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Several companies already make high quality essential technologies for low-income households. So why are so many families in rural, off-grid areas still lighting their homes with kerosene lamps and drinking unfiltered water? It’s not that these products are expensive – they’re not. The problem, according to Essmart Global, is distribution. As these organizations spend most of their financial and human resources on product design and manufacturing, how these life-improving technologies reach their target market is often neglected.

For instance, Delhi-based d.light creates affordable solar lights. However, the company’s exclusive use of door-to-door salesmen has not led to its desired market penetration. d.light’s situation is not unique – there are hundreds of other organizations that produce essential technologies yet struggle to bring them to their customers.

Meanwhile, millions of small retail shops in off-grid parts of the world are the go-to source of locals for consumer products. These stores are filled with toiletries, candy, and other fast-moving consumable goods, but not the essential technologies that can improve their customers’ lives.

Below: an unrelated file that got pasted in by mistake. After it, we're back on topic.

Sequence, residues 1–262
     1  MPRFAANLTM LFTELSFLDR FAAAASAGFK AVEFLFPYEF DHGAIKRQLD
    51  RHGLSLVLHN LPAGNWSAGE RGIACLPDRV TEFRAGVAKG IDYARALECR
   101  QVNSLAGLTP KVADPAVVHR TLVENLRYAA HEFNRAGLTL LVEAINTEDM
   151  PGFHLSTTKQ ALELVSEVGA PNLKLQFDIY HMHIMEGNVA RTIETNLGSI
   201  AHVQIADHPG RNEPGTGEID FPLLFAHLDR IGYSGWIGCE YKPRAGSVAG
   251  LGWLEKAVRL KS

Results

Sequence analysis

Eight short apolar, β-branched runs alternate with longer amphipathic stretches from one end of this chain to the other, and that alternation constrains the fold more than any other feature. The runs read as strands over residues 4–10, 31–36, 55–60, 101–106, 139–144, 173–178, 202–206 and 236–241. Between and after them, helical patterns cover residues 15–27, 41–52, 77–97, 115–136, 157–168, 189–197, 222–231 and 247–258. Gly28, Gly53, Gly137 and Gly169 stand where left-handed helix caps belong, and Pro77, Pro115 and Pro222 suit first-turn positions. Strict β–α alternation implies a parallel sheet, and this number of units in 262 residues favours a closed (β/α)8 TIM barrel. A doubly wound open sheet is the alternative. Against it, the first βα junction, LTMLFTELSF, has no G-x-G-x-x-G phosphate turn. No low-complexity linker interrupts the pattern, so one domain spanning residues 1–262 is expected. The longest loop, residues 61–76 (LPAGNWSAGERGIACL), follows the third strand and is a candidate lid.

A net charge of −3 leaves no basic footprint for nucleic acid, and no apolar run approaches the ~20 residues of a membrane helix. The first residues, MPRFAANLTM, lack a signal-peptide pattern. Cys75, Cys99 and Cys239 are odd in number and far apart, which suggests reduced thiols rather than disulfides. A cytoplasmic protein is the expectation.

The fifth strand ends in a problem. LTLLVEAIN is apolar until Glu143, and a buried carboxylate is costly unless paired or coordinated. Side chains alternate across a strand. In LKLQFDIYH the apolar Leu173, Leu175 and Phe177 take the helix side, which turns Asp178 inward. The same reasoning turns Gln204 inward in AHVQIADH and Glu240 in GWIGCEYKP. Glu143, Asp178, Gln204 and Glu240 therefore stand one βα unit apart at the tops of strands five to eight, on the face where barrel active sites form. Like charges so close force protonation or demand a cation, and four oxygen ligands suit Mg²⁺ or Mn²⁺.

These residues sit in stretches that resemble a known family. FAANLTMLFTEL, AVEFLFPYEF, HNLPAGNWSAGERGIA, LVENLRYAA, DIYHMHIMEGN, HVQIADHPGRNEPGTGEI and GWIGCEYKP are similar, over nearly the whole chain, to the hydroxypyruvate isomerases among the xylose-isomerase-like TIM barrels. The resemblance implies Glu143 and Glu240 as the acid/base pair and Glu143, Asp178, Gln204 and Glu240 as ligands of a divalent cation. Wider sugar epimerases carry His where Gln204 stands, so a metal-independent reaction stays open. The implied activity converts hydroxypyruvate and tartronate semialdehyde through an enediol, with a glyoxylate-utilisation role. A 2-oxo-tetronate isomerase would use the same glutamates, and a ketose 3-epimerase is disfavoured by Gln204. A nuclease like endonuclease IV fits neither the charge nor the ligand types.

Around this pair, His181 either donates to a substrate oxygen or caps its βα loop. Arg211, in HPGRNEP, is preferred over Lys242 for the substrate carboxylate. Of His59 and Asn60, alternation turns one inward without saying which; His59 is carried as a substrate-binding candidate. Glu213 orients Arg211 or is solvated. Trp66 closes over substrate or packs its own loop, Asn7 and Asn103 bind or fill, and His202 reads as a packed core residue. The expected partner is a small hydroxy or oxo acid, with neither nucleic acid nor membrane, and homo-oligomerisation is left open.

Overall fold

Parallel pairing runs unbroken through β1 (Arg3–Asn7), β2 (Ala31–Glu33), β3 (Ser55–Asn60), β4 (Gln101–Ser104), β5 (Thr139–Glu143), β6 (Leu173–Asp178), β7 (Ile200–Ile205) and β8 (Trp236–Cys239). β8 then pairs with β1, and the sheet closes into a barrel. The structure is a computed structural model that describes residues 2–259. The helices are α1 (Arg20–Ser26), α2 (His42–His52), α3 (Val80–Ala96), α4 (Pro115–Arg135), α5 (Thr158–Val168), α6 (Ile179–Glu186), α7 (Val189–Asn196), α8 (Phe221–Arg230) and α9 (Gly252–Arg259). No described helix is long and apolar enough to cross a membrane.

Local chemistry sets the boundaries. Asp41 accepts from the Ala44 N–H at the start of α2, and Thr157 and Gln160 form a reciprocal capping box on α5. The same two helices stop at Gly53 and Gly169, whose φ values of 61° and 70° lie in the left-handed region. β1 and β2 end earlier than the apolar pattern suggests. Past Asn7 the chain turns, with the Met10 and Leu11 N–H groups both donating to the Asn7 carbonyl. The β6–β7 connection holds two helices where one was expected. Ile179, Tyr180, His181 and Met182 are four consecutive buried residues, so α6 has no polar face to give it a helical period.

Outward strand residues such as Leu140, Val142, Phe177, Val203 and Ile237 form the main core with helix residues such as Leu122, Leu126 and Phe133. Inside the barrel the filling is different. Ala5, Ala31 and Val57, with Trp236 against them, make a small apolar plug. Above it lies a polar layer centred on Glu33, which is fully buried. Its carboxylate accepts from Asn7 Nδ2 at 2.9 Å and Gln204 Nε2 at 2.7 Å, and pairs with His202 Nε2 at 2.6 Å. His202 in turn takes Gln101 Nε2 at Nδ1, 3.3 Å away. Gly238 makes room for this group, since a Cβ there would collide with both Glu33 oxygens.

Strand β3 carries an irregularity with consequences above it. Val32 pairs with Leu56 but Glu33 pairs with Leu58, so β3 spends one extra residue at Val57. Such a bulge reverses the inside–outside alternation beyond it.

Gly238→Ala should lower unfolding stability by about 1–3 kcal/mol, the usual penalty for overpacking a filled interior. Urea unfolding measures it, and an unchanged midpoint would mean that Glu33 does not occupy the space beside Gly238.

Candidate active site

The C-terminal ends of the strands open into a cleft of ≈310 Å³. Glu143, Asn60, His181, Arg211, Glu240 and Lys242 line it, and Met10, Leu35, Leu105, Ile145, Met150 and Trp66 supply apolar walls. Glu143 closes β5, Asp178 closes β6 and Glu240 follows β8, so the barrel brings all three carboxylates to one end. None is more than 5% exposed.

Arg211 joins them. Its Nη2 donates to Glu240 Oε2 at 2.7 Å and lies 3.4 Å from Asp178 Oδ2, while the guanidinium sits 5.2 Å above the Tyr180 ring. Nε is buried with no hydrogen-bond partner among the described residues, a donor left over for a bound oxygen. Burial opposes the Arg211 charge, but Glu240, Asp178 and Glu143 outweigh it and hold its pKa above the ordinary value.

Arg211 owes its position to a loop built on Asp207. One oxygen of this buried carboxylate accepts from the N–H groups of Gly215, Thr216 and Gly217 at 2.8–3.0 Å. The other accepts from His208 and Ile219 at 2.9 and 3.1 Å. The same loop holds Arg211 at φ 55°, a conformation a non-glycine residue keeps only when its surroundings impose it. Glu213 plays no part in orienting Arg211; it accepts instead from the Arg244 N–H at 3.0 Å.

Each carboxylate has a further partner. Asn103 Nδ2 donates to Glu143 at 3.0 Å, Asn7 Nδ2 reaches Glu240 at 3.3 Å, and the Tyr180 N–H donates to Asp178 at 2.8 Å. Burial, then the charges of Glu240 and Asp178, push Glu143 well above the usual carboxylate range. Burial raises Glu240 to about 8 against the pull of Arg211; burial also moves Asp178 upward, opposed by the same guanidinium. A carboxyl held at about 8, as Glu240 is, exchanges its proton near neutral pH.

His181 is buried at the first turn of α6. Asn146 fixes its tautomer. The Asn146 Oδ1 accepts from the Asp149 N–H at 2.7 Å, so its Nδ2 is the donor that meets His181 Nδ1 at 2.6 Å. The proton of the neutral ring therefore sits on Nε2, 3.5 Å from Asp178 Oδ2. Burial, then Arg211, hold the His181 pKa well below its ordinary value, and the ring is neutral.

This is where Essmart Global comes in. Founded by Diana Jue (MIT) and Jackie Stenson (Harvard), the for-profit company seeks to “fill the gap between essential technologies and households” while also helping technology manufacturers grow their customer base and local retail shops increase their revenue. Essmart Global has already completed a pilot project earlier this year in India, where they sourced high quality technologies and distributed them to off-grid areas via mom-and-pop stores. They educated shop owners on how to service products and obtain parts as well.

Full-time operations are scheduled to begin this August in Tamil Nadu, India. The company will utilize a hub-and-spoke distribution model and plans to sign up 65 stores by year end. Last month, Essmart Global won the grand prize at the Dell Social Innovation Competition.

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